Youth Risk and Resiliency

Did you know that nearly ¾ of New Mexico high school youth have visited a dentist in the last six months, but those who have not seen a dentist are

  • 3 times more likely to use tobacco,
  • 2 times as likely to drink alcohol, and
  • 6 times as likely to drink three or more servings of soda daily?

The source of this (and much more) information is the 2015 Youth Risk and Resiliency (YRRS) survey of high school students. At a recent meeting I attended, Dan Green of the NM Department of Health and Cris Ortiz of the NM Public Education Department shared this and a great deal of other information with a group seeking to improve behavioral health. In addition to presenting some highlights from the 2015 high school survey, they shared information on how users can access information from the both the most recent and past surveys. YRRS data can be accessed at the YRRS website, http://youthrisk.org  The YRRS is conducted by a partnership that also includes the University of New Mexico’s Prevention Research Center.

The YRRS is one of the best resources available for planning behavioral health programs for youth. The study covers a number of areas, including substance use, resiliency factors such as parental involvement and housing stability, basic health information, and the experience of adverse events such as sexual violence.  The survey is administered every other year in school districts throughout the state, and is part of a national project: the Centers for Disease Control and Prevention’s Youth Risk Behavior Surveillance System (YRBSS).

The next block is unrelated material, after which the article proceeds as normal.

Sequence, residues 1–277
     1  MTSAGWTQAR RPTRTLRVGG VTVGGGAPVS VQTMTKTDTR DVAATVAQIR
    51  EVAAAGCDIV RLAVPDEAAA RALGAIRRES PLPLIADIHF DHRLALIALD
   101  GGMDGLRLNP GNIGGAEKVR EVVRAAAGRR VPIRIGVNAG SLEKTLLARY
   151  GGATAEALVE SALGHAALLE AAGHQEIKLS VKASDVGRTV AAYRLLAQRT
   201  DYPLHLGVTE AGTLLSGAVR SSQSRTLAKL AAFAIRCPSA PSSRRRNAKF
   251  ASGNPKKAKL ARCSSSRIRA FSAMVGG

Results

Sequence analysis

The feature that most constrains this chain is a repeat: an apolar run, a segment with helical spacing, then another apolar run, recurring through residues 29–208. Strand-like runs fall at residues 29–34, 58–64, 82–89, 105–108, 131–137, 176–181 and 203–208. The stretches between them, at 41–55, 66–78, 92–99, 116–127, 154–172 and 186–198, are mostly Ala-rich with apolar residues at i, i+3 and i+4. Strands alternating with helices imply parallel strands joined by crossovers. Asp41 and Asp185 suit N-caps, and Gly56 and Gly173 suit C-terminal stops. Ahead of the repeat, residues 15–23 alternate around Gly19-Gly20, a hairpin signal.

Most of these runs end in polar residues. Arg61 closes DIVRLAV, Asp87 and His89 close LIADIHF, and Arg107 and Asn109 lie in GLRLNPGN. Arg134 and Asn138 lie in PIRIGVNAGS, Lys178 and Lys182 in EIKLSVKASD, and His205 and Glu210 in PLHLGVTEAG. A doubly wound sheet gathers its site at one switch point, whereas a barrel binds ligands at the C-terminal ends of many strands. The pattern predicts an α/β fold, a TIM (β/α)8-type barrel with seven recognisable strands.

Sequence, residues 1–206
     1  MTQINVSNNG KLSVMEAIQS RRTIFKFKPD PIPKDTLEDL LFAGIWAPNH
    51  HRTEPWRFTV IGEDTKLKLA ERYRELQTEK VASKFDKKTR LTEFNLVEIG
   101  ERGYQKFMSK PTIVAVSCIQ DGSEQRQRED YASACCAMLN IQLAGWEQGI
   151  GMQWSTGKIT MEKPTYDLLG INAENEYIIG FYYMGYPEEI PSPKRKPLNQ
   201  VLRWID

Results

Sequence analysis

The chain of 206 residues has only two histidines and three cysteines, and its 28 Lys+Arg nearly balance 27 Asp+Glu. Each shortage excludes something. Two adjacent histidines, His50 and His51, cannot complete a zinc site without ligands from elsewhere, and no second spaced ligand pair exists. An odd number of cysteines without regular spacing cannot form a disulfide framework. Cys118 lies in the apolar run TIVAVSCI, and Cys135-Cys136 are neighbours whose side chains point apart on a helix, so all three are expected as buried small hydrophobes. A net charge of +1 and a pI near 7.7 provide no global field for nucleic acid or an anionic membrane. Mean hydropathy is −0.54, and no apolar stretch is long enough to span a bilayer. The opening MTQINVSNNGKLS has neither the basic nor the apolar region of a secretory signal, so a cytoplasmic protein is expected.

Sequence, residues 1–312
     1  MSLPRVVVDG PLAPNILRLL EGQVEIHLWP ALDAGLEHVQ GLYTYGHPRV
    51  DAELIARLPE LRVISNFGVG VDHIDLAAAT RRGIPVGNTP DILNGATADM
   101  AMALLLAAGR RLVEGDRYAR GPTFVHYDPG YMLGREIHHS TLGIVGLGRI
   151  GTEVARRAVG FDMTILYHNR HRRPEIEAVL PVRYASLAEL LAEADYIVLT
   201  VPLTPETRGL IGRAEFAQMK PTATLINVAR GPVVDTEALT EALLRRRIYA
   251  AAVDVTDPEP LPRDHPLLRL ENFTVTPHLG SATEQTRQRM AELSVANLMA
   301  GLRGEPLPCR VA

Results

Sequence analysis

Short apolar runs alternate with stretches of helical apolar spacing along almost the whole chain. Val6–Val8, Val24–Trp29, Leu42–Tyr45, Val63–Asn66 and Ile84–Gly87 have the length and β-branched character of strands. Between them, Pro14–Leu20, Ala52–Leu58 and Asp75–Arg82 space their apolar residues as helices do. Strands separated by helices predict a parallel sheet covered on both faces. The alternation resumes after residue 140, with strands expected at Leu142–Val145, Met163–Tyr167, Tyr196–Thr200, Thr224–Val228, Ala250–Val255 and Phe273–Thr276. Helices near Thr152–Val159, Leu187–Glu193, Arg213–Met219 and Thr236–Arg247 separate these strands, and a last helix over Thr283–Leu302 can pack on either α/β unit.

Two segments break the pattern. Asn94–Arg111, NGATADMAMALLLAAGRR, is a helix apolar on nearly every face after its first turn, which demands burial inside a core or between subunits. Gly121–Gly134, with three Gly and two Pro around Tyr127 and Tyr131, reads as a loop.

YRRS in New Mexico

The New Mexico survey is unique from surveys in other states administering the YRBSS in that it asks additional questions related to resiliency, as well as questions of specific interest to New Mexicans.  New Mexico is also fairly unique in its commitment to ensuring survey participation and large survey pools – it is one the few states participating in the YRBSS that collects enough surveys to be able to offer data on a county level.

Continue reading “Youth Risk and Resiliency”